Community Practice: Conceptual Models

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Marie Weil
Haworth Press, 1997 - Medical - 214 pages
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Here is the only book that gives you a comparison of model frameworks and a critique of multiple perspectives. Community Practice: Conceptual Models (along with its companion volume, Community Practice: Models in Action) illustrates the diverse ways that community practice is conceived and delineates both the central and subtle differences among models to guide community assessment, action planning, and practice. By knitting together the complex ideas from the social sciences and community practice, this book shows how to combine these ideas to improve teaching, practice, analysis, and research for social work faculty; social work students; practitioners in community work, administration, and social planning; and faculty of related disciplines.

The scope of Community Practice: Conceptual Models is broad, providing the first historical report on model development and implementation since 1965. Its chapters present diverse views on community practice approaches and provide the compilation, critique, and analysis of current models --while illustrating how these approaches developed over time. Included is Rothman's long-awaited revision and elaboration of his 1970s classic, three models conceptual framework. Other vital topics you learn about include:
  • collaborative community development
  • social planning, reform movements, and social action
  • ecological theory in community practice
  • a feminist response and critique to Rothman's approaches to community intervention
  • a comparison of community practice in the U.S. and U.K., with an emphasis on nonracist practice and community-based service development

    Community Practice: Conceptual Models offers challenges and indicates directions for practice, theory elaboration, testing, and research and shows community practice in relation to characteristics such as goals and desired outcomes, change strategies, targets of change, primary constituencies, and focus or scope of concern. This book provides the strongest perspectives on community practice to help you improve your practice, assessments, action plans, and research.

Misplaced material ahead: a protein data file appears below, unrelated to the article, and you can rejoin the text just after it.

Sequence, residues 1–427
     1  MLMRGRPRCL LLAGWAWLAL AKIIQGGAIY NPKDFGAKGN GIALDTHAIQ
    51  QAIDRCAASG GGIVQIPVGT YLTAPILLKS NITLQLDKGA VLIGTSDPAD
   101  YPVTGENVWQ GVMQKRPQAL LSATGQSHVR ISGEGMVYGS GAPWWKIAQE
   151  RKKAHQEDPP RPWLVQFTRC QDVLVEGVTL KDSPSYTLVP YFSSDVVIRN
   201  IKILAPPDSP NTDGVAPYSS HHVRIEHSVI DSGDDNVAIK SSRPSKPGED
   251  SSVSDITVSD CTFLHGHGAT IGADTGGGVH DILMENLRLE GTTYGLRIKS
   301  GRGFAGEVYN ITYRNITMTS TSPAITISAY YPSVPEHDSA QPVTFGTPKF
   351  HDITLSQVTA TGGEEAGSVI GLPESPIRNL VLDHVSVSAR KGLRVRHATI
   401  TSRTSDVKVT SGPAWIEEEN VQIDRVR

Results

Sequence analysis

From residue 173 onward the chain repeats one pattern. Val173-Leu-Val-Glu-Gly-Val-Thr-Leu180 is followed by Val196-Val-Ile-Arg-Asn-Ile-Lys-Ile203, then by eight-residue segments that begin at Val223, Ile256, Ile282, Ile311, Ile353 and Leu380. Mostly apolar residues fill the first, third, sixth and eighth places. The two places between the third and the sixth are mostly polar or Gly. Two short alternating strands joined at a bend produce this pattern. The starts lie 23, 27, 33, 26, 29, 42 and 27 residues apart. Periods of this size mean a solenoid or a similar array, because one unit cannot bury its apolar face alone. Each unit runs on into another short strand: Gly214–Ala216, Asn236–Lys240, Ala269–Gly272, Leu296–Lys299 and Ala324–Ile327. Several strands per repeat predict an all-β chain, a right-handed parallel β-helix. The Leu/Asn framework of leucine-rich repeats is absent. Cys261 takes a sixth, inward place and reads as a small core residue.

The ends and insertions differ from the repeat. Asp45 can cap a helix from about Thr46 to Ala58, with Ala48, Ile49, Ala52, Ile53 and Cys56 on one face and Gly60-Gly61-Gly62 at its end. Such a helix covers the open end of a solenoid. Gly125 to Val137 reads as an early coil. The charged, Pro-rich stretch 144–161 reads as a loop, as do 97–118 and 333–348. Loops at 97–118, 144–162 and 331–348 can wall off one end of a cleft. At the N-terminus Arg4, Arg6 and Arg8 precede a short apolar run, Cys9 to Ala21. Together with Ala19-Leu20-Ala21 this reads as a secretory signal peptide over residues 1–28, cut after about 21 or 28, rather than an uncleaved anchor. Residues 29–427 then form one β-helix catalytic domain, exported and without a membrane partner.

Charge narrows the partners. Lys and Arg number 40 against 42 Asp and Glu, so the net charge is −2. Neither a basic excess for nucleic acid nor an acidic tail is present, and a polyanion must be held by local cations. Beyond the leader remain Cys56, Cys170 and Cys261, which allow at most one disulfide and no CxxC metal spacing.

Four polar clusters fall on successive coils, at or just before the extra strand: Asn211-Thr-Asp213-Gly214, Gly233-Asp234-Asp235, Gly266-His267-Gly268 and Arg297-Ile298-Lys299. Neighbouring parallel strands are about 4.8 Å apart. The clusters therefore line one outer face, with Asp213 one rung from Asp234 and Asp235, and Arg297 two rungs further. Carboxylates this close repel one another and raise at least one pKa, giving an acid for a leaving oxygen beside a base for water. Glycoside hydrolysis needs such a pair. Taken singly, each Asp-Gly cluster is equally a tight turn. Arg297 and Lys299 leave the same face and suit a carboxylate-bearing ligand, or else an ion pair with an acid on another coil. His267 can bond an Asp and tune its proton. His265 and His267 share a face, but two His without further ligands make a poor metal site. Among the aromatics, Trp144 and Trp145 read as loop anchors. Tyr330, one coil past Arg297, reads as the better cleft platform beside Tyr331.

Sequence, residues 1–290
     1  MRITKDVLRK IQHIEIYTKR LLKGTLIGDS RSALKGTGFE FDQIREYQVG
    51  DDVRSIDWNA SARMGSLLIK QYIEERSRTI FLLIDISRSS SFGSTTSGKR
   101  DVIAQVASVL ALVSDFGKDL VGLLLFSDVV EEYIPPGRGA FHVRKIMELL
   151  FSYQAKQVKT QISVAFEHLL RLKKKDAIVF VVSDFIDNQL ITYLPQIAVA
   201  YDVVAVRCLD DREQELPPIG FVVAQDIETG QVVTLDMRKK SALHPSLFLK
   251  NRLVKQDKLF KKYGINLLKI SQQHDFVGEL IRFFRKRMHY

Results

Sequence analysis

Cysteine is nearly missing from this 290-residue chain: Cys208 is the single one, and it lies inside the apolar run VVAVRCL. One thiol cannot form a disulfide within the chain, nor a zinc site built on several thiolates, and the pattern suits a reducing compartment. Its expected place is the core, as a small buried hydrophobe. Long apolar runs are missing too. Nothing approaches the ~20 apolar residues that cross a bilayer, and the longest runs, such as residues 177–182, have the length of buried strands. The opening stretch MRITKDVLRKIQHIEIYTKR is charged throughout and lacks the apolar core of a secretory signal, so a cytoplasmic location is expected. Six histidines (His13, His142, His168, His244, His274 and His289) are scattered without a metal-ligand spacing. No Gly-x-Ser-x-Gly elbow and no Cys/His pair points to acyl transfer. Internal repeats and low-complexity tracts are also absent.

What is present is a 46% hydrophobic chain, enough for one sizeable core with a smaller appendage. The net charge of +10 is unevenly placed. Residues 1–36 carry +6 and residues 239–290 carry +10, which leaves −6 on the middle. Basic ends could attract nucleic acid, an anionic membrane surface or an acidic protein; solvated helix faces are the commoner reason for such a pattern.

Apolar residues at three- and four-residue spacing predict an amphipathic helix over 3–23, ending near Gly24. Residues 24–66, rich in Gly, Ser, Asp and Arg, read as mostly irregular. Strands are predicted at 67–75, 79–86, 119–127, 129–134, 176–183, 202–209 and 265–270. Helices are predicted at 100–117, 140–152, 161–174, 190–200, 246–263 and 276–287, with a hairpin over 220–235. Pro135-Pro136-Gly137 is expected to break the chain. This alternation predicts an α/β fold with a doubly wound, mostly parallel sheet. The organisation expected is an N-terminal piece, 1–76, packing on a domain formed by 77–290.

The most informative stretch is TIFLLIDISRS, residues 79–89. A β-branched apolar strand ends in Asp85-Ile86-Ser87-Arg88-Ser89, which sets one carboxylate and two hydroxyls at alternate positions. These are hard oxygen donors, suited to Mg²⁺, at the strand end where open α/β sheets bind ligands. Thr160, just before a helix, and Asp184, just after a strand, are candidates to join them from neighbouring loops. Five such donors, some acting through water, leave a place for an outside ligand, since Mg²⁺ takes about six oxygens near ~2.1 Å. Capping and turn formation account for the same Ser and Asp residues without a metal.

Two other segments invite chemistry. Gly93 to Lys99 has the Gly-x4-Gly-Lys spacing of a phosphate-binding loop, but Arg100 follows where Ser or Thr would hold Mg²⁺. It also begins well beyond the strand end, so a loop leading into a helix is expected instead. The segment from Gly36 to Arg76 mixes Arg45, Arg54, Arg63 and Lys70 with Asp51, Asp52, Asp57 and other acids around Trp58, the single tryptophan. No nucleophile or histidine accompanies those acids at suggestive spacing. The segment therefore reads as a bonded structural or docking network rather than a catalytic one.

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About the author (1997)

Marie Weil is Berg-Beach Professor of Community Practice and former Associate Dean at the University of North Carolina, Chapel Hill School of Social Work, where she teaches community practice, policy practice and theory for social work intervention. She has led state-wide research and community-based planning and implementation initiatives in family support and family preservation and for adolescent family life programs, as well as consulting and conducting program evaluations for small nonprofits. Previously, she taught at the University of Southern California. She is the author or coauthor of thirteen books primarily focused on community practice; the author or coauthor of over thirty chapters related to community practice, feminist practice, and empowerment practice and service development for families and children; and more than 42 articles and monographs. She began her career working in community development in settlement houses in Philadelphia. She has served as Deputy Director of the Office of Economic Opportunity of Delaware and as Planning Director of the Wilmington Housing Authority. She is a founding member of the Association for Community Organization and Social Administration (ACOSA) and was the Founding Editor of the Journal of Community Practice, producing the first ten volumes. She is a recipient of ACOSA s Career Achievement Award.

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